Fans of mysteries and thrillers will probably enjoy this book. The story has several elements in common with Gone Girl. If you’ve enjoyed books in that vein, this is a good pick for you.

An advance copy of this book was provided by the publisher via NetGalley in exchange for an honest review.

Book Review: In a Dark, Dark Wood by Ruth Ware

In a Dark, Dark Wood by Ruth Ware
Nora Shaw lives an isolated life, and prefers it that way. She keeps to her schedule in her tiny studio in London, and relishes in the safety that her lack of social contact provides. Then one day, an email arrives, inviting her to her school friend Clare’s hen party. Nora hasn’t seen Clare in a decade, not since she walked out of school and never looked back. Reluctantly dragged into the party, Nora finds that not everything is as it seems. Something is deeply wrong at this party, and Nora must figure out what is going on before it costs her her life.

This is Ruth Ware’s debut novel, and it is an edge of the seat mystery/thriller. Ware paints a scary portrait of revenge and obsession, but as a reader, you’re never really sure who is truly obsessed. Nora herself seems to become more and more unreliable as a narrator as the story goes on, bringing everything that came before into question. The twists are numerous and surprising, once you’re sure you know where the book is going, it throws you in a different direction entirely. The false leads and narrative dead ends keep you guessing throughout the book.

Fans of books like The Girl on the Train and I See You, or fans of Tana French or Gillian Flynn will find a lot to like in this book.

Book Review: The Night Bird by Brian Freeman


The Night Bird by Brian Freeman

Sitting in traffic on the San Francisco Bay Bridge, a young woman has a sudden, violent mental breakdown. Tearing the flesh of her arms, torso, and face, she appears to be running from some invisible horror when she throws herself off the bridge.

And she is not the first. Detective Frost Easton is heading the investigation of similar deaths in the city, all with one common thread: Psychiatrist Dr. Francesca Stein. Dr. Stein’s controversial methods of helping highly phobic patients seem to be falling apart, unless someone is out there, targeting her former patients in a twisted attack. When Dr. Stein begins to receive taunting messages signed by “The Night Bird,” the clock is ticking for her and Easton to find the psychopath before more people die . . .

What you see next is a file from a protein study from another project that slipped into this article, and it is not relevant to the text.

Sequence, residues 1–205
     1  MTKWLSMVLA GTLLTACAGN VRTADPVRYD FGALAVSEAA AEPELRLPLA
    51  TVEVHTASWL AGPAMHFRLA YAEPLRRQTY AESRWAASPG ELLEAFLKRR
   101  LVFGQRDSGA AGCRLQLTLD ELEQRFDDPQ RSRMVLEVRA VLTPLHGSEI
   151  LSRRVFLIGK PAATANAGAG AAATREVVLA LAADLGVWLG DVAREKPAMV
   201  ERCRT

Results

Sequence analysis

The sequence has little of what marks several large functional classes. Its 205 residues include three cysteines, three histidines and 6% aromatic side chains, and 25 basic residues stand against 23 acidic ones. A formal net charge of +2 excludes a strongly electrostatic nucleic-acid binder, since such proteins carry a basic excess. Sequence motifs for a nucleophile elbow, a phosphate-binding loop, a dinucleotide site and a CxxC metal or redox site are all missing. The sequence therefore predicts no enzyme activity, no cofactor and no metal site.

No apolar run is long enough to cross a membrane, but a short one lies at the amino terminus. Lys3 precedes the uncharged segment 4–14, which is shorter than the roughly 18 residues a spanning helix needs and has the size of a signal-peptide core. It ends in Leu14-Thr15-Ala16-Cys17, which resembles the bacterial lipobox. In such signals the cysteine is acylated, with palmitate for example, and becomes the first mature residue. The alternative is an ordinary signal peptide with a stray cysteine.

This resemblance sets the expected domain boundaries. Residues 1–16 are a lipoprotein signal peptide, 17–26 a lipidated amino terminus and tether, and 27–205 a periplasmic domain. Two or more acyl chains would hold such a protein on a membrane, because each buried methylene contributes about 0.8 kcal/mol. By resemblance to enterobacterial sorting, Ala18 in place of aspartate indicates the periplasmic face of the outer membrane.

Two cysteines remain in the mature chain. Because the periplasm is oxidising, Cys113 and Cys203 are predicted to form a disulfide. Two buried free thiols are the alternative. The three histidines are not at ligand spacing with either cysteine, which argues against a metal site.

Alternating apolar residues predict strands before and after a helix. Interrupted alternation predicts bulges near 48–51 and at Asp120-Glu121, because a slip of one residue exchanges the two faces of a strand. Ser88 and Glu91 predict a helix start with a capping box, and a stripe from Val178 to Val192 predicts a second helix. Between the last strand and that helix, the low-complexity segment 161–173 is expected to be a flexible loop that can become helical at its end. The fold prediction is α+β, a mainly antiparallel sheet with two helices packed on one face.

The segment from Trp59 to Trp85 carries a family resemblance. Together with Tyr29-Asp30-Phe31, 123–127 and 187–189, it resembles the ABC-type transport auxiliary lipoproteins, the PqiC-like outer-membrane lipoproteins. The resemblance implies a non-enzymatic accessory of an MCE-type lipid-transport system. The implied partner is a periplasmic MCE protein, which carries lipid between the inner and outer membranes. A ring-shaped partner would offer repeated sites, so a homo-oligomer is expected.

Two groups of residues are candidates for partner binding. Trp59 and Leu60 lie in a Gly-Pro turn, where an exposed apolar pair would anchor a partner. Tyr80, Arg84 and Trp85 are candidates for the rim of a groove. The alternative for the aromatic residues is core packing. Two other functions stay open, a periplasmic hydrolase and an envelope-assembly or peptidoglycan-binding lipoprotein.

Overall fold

This is an enjoyable and fast-paced mystery. I greatly enjoyed the use the author made of the fragility of memory and the power of suggestion. The beginning (after the fantastic first casualty) was a bit awkward and stilted, but Freeman quickly finds his voice. Some aspects of the plot and the characters are a bit out there, but that may well be attributable to the story being set in proudly weird San Francisco.

In all, I enjoyed this book, some parts were genuinely creepy, and the requisite plot twists included several I didn’t see coming. Fans of darker mysteries will probably enjoy this novel, it’s not quite as violent or as twisted as a Jefferey Deaver book, but feels similar.

A copy of this book was provided by the publisher in exchange for an honest review.

Book Review: Ill Will by Dan Chaon

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Ill Will by Dan Chaon

Thirty years ago, Dustin’s aunt, uncle, mother, and father were brutally murdered. His testimony helped to put his adopted older brother, Rusty, in prison for the crime. Now, Rusty is being released from prison, his innocence proven by DNA evidence. But if Rusty didn’t commit the murders, then who did?

In the meantime, it appears that a serial killer might be operating in northern Ohio. Dustin, now a psychologist in Cleveland, becomes obsessed with a series of suspicious deaths after one of his patients brings up his own investigation. As Dustin and his family are pulled apart by both the events of thirty years ago and today, the nature of right and wrong, sanity and insanity becomes more and more muddled.